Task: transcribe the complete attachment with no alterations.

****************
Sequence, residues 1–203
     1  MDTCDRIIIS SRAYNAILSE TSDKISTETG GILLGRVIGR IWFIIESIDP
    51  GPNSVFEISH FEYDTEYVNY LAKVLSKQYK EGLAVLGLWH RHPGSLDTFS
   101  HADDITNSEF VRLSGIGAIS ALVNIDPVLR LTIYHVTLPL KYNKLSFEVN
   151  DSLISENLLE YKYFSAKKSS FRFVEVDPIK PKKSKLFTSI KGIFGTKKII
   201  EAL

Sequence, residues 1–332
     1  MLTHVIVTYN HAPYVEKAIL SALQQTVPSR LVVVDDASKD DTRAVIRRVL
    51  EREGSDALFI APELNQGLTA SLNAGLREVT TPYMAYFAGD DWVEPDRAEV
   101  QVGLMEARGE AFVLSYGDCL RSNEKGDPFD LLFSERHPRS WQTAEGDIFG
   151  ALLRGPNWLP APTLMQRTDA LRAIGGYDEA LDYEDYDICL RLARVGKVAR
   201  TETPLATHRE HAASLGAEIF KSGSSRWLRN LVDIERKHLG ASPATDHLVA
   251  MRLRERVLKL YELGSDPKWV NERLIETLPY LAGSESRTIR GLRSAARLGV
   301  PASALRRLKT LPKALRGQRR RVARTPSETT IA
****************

Sequence, residues 1–203
     1  MDTCDRIIIS SRAYNAILSE TSDKISTETG GILLGRVIGR IWFIIESIDP
    51  GPNSVFEISH FEYDTEYVNY LAKVLSKQYK EGLAVLGLWH RHPGSLDTFS
   101  HADDITNSEF VRLSGIGAIS ALVNIDPVLR LTIYHVTLPL KYNKLSFEVN
   151  DSLISENLLE YKYFSAKKSS FRFVEVDPIK PKKSKLFTSI KGIFGTKKII
   201  EAL

Sequence, residues 1–332
     1  MLTHVIVTYN HAPYVEKAIL SALQQTVPSR LVVVDDASKD DTRAVIRRVL
    51  EREGSDALFI APELNQGLTA SLNAGLREVT TPYMAYFAGD DWVEPDRAEV
   101  QVGLMEARGE AFVLSYGDCL RSNEKGDPFD LLFSERHPRS WQTAEGDIFG
   151  ALLRGPNWLP APTLMQRTDA LRAIGGYDEA LDYEDYDICL RLARVGKVAR
   201  TETPLATHRE HAASLGAEIF KSGSSRWLRN LVDIERKHLG ASPATDHLVA
   251  MRLRERVLKL YELGSDPKWV NERLIETLPY LAGSESRTIR GLRSAARLGV
   301  PASALRRLKT LPKALRGQRR RVARTPSETT IA